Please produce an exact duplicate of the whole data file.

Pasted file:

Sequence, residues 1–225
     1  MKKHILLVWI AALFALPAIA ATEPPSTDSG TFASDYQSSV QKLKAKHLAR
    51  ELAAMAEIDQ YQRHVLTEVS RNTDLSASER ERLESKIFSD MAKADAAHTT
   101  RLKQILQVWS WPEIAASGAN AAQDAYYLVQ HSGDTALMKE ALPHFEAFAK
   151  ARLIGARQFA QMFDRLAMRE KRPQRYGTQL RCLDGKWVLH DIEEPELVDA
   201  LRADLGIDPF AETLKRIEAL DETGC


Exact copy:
Sequence, residues 1–225
     1  MKKHILLVWI AALFALPAIA ATEPPSTDSG TFASDYQSSV QKLKAKHLAR
    51  ELAAMAEIDQ YQRHVLTEVS RNTDLSASER ERLESKIFSD MAKADAAHTT
   101  RLKQILQVWS WPEIAASGAN AAQDAYYLVQ HSGDTALMKE ALPHFEAFAK
   151  ARLIGARQFA QMFDRLAMRE KRPQRYGTQL RCLDGKWVLH DIEEPELVDA
   201  LRADLGIDPF AETLKRIEAL DETGC